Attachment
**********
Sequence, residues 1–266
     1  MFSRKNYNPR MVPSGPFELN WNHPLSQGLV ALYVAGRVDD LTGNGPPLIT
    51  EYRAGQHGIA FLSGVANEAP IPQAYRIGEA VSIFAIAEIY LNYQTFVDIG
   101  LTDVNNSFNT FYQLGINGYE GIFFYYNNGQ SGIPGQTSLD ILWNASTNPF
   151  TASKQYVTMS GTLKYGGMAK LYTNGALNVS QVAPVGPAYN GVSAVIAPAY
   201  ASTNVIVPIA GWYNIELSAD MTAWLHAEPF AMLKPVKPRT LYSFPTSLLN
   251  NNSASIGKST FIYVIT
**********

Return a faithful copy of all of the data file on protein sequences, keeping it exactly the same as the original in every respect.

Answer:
Sequence, residues 1–266
     1  MFSRKNYNPR MVPSGPFELN WNHPLSQGLV ALYVAGRVDD LTGNGPPLIT
    51  EYRAGQHGIA FLSGVANEAP IPQAYRIGEA VSIFAIAEIY LNYQTFVDIG
   101  LTDVNNSFNT FYQLGINGYE GIFFYYNNGQ SGIPGQTSLD ILWNASTNPF
   151  TASKQYVTMS GTLKYGGMAK LYTNGALNVS QVAPVGPAYN GVSAVIAPAY
   201  ASTNVIVPIA GWYNIELSAD MTAWLHAEPF AMLKPVKPRT LYSFPTSLLN
   251  NNSASIGKST FIYVIT